High heels and creativity

High heels and creativityThe kunsthal in Rotterdam has been experimenting with audience participation in its exhibition planning. What would you like to see as a theme for a future exhibition? That was the first question. Shoes, Victor Vasarely and dinosaurs were the options on offer. Perhaps not surprisingly, shoes came back as the popular choice, although I dare say that the under twelves voted differently!

Subsequently, further choices were offered that related to the presentation of the shoes, pr and advertising issues were also open to a degree of consultation. It is not so very different to an assignment I might offer the older pupils I teach (16 year olds) in their cultural education lessons. Choose a theme for an exhibition, research the artworks that you want to include, plan a layout for the exhibition and design the advertising campaign with a poster or a information folder.
The end result in Rotterdam is very good. In dimly lit spaces created in the basement hall of the Kunsthal close on five-hundred shoes are displayed. Exclusively women’s shoes, and as my wife pointed out, almost exclusively high-heeled. There is huge variety, from the familiar and practical, to eccentric and surely unwearable.
Though I am unlikely to be able to take my own pupils to see the exhibition, the costs involved and the cancellation of too many lessons, stand in the way of that. It is the sort of display I would like them to see. There are a number of reasons for this, reasons such as:

  • The familiarity of the objects on display. We all buy and wear shoes and are used to the selection criteria we impose on them when choosing.
  • The shear quantity on display, it’s a chance to see an impressive variety.
  • The pupils are perhaps more ready to come with their own opinions and evaluation than with some other areas of the arts where they perhaps feel confused or pressured by the opinions of others to like or value something they struggle to understand.
  • But perhaps the nicest aspect of hundreds of shoes placed side by side is insight into creativity it gives when working within a restricted frame of reference, in this case a pair of shoes.

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Let me expand on this last point a little more.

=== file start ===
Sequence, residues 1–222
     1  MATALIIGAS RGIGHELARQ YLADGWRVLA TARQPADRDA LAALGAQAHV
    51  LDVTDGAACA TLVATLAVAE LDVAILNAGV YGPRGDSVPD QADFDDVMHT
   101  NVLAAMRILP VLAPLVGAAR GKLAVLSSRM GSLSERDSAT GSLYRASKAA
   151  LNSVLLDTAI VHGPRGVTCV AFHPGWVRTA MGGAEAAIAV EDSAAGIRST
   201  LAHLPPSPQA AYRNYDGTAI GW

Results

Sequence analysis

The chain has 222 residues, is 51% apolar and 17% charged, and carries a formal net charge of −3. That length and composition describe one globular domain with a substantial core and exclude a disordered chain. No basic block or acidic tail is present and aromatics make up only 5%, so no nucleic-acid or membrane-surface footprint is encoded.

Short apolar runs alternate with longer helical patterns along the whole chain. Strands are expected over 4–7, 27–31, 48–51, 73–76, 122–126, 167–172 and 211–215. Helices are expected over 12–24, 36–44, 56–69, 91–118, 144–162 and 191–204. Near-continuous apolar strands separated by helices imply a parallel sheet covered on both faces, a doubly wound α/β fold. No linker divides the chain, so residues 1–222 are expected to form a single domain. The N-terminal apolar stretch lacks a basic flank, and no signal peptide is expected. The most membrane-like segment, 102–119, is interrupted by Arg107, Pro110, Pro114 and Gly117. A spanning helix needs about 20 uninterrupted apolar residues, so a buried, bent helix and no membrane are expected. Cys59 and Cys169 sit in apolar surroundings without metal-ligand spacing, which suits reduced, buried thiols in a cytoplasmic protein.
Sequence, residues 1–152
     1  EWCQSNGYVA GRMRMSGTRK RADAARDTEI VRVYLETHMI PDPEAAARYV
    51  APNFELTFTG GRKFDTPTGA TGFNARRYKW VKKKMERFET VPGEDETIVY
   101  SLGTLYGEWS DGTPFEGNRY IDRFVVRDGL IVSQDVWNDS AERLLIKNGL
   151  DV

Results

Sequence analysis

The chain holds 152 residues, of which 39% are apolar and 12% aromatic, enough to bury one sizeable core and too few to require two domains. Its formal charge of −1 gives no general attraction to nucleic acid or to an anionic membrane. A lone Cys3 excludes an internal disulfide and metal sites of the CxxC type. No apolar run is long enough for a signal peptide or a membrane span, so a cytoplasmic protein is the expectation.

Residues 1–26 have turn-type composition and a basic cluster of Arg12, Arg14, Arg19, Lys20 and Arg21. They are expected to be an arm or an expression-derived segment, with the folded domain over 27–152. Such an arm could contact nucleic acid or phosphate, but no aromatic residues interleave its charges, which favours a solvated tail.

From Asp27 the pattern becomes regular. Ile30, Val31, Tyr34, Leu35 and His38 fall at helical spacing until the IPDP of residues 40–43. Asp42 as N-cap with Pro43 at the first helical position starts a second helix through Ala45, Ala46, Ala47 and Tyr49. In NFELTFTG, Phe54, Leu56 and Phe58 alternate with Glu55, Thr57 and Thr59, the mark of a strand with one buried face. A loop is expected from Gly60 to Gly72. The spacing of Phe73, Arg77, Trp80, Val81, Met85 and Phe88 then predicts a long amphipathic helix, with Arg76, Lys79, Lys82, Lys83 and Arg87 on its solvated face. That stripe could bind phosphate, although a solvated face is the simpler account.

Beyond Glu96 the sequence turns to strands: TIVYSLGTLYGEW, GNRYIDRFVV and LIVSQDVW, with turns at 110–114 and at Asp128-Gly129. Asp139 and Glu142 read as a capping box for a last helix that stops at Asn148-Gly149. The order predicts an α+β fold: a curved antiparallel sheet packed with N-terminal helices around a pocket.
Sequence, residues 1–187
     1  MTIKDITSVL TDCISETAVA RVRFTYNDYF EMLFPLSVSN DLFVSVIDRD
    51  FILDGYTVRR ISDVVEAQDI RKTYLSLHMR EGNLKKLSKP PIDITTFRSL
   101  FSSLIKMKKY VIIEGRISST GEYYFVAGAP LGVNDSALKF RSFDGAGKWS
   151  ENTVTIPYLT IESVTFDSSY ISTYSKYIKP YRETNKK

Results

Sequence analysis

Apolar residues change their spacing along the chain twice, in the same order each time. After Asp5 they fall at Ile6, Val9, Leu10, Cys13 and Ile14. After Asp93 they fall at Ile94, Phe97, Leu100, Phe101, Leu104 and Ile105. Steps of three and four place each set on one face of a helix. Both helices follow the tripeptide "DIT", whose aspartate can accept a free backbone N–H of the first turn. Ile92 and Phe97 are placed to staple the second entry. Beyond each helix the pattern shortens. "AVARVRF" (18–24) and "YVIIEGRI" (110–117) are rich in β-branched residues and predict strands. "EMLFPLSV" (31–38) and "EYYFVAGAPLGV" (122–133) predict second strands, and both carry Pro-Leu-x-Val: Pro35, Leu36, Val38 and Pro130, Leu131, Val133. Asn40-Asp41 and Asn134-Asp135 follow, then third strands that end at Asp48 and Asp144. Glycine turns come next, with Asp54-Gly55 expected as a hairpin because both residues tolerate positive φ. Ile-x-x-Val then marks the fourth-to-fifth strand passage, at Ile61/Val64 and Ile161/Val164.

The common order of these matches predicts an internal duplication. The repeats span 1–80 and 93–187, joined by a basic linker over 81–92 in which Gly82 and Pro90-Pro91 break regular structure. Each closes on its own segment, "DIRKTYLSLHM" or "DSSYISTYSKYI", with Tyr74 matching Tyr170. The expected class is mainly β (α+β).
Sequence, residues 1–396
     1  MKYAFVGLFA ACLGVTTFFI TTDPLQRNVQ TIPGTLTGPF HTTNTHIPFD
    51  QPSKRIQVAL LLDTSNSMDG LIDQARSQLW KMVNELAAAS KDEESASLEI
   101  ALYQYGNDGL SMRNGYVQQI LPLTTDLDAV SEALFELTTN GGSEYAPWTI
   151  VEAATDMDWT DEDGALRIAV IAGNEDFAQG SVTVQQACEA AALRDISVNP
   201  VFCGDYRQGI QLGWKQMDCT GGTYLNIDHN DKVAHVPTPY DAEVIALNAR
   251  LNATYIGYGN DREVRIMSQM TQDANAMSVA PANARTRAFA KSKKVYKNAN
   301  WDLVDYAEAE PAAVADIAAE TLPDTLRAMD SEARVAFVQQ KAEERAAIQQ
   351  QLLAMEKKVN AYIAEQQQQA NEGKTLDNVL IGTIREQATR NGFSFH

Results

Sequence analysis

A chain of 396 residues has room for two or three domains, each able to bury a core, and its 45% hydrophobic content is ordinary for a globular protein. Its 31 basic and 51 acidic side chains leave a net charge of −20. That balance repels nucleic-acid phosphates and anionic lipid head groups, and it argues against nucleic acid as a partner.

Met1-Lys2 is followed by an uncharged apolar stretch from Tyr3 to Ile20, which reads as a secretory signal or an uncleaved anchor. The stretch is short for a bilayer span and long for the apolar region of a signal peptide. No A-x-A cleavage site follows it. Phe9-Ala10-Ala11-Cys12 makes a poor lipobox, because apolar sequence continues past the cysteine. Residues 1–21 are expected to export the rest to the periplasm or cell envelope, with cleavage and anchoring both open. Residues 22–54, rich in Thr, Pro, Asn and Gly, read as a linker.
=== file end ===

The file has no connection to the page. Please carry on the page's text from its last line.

We all like to have choices and it is not different in education. Teachers are encouraged to built elements of choice and differentiation into their lessons. As an art teacher we can offer choices of two-dimensional or three-dimensional, traditional materials or digital media, painting or drawing, collage or printmaking techniques, large or small, the list goes on and on. The choice of how exactly, and with which material, to develop an idea can definitely be an integral part of the creative process. But it can at times be an awkward distraction as a pupil struggles to choose and maybe struggles also to fully explore the numerous creative possibilities a material or process offers.
We want our pupils to be creative and we want to give them the chance to be creative. The shoes exhibition provides an excellent contained frame of reference of creativity. Everything in the exhibition is a shoe, to be worn on a woman’s foot. That’s the frame of reference, but within that frame there is huge variety and examples or designers stretching the creative possibilities. Just how far can you in being creative with a sole, a heel and upper of the shoe. Some of the results border on the sculptural while others seem quite conventional, but the interesting dimension here is the range.
Back in the classroom, by offering pupils endless diversity in the choices on offer you don’t necessarily extend the creativity in the work they attempt. My experience is often quite the opposite, they become restricted by the choices.
We hear often enough that children and young people like to know where the permitted borders lie. The challenge for the art teacher, and maybe others too, is to set the frame of reference wide enough to offer challenges and choices in finding creative solutions, but not so wide that it ultimately inhibits the very creativity that you what to stimulate.
It’s a long while since I did a shoe design assignment with one of my classes, maybe it’s time to have a go at it again.

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